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The Russian assets of Swedish truck maker Volvo will be transferred to local investors, the Russian trade ministry said in a statement, Interfax reported.

A Volvo Group representative told the Financial Times that the deal was a “voluntary divestment” as the group struggled to liquidate its Russian assets following Russia’s all-out invasion of Ukraine.

The statement did not name the new owner, but Russia’s company registry showed that control of several Volvo AB subsidiaries passed this week to Expobank’s main shareholder, Igor Kim, who was involved in the foreign company and its operations. Multiple transfers of business ownership. partner.

It was unclear on Friday whether Volvo received any proceeds from the deal. The complexity of the deal underscores the challenges facing foreign companies still operating in Russia, either because they are reluctant to leave or because Russian authorities are increasingly restricting divestments.

On February 28 last year, four days after its all-out invasion of Ukraine, Volvo suspended all sales, service and production activities in Russia. Volvo’s main Russian asset is a factory in Kaluga, 180 kilometers southeast of Moscow, which produces about 3,000 Volvo and Renault-branded cars a year and accounted for about 3 percent of the group’s net sales before the suspension.

Volvo booked a provision of SEK 4.1 billion for its Russian business in April 2022, saying its total assets in the country were around SEK 9 billion.

In October last year, a group representative told Vedomosti newspaper that the group was considering selling the Russian business, as the group is currently unable to operate in Russia. The representative said the company had begun to “restructure” operations and lay off workers.

Control of several Volvo Group subsidiaries in Russia was transferred to Expobank’s main shareholder Kim and its business partners on Wednesday, according to information from the Russian company registry.

Alexey Sannikov, First Vice Chairman of Expobank, was appointed CEO of the Kaluga plant on Thursday.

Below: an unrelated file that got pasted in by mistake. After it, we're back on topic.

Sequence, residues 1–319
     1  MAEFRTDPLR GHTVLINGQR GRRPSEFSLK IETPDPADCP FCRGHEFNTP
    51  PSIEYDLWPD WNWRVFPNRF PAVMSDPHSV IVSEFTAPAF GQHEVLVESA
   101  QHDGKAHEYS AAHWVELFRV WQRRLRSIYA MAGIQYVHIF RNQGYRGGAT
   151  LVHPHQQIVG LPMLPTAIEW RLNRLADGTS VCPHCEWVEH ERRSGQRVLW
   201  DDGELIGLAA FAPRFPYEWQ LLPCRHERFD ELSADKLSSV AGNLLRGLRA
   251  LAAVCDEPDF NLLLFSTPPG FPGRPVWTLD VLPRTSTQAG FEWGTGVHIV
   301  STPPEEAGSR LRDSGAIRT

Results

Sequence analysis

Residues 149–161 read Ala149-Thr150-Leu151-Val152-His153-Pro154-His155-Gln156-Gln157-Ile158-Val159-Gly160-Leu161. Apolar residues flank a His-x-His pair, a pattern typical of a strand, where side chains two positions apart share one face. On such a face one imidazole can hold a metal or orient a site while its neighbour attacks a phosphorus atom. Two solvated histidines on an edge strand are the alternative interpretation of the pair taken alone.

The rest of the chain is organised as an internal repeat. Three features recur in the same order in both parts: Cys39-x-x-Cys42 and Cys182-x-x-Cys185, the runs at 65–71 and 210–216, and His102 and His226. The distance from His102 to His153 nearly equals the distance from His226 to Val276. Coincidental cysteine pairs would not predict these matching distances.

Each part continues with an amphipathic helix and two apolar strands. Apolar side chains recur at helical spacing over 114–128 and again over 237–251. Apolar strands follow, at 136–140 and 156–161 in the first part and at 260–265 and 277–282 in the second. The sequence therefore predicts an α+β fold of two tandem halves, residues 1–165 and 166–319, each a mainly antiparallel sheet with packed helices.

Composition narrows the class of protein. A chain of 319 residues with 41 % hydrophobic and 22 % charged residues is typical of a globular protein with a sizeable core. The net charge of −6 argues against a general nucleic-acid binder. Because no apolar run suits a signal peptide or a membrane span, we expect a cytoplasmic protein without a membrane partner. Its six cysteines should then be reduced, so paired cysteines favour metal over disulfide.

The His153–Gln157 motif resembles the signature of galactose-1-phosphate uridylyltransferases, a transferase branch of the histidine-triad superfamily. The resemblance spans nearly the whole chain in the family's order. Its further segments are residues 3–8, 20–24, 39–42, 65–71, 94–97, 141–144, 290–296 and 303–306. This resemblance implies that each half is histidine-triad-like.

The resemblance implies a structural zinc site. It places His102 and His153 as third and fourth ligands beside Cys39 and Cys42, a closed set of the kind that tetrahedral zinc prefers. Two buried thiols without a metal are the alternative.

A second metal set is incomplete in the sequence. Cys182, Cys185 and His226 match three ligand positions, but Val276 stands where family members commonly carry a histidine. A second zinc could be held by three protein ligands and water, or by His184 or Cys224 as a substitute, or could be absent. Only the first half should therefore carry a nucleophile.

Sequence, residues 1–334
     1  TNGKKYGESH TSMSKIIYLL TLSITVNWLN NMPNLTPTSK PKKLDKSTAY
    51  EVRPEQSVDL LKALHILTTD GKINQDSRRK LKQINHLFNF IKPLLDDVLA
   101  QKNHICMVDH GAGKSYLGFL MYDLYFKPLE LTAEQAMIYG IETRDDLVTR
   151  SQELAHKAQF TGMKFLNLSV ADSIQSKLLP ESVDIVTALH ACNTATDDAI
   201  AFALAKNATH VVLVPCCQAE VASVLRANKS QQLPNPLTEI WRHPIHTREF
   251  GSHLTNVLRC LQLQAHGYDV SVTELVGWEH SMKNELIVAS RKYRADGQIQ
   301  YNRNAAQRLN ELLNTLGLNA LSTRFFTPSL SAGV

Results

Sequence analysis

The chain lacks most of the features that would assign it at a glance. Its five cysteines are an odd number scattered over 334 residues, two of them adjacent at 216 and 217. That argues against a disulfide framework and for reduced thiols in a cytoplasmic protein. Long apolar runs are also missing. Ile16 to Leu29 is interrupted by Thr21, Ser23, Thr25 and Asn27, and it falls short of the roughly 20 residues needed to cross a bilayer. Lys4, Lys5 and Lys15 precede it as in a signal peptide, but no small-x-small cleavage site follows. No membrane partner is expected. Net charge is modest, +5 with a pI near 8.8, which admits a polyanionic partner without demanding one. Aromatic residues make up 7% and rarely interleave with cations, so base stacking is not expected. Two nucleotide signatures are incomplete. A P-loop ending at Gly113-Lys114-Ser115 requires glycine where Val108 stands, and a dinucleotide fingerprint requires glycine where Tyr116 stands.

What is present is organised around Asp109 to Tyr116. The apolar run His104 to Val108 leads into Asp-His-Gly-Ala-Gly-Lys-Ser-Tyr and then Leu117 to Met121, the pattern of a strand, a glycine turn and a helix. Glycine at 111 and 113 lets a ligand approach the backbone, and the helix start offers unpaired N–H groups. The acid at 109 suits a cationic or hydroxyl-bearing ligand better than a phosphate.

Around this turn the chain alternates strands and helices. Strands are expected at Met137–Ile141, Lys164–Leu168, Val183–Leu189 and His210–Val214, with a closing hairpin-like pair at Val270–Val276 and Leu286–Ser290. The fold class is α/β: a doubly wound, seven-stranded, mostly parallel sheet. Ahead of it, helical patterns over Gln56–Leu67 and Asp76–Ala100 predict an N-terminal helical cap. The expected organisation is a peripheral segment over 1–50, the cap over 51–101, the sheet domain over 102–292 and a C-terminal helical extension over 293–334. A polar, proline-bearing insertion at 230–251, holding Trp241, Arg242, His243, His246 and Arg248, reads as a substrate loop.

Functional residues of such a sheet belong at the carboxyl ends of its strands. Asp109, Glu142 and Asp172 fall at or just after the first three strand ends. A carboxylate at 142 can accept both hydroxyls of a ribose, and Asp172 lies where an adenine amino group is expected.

Expobank grew out of the ex-Russian operations of British bank Barclays and has been owned by Kim since 2011, when the British bank exited the Russian market. Expobank was involved in the financing of several exit deals, several Russian bankers in the industry told the FT.

While many of Russia’s top banks have lost their wings due to Western sanctions, lesser-known lenders such as Expobank, Russia’s 41st largest by assets, have filled the void. Expobank is not facing any restrictions.

Natasha Tsukanova, managing director of Xenon Capital, which is advising on several exit deals, said arranging financing to buy exiting foreign companies has become a “complex challenge” for Russian buyers.

“With little access to international capital markets, Russian buyers often turn to smaller lenders,” she said.

Expobank did not immediately respond to a request for comment.

Earlier this year, Russian officials said various investors, including Belarusian and Chinese companies, were lining up to buy Volvo Group assets.

“Given the strength and status of our relationship, Russia is basically ready to give us the factory for free,” the Belarusian ambassador to Russia said in July.

However, Russian Prime Minister Mikhail Mishustin subsequently advised the Belarusian government to contact their Russian counterparts as a decision on the business had already been made.


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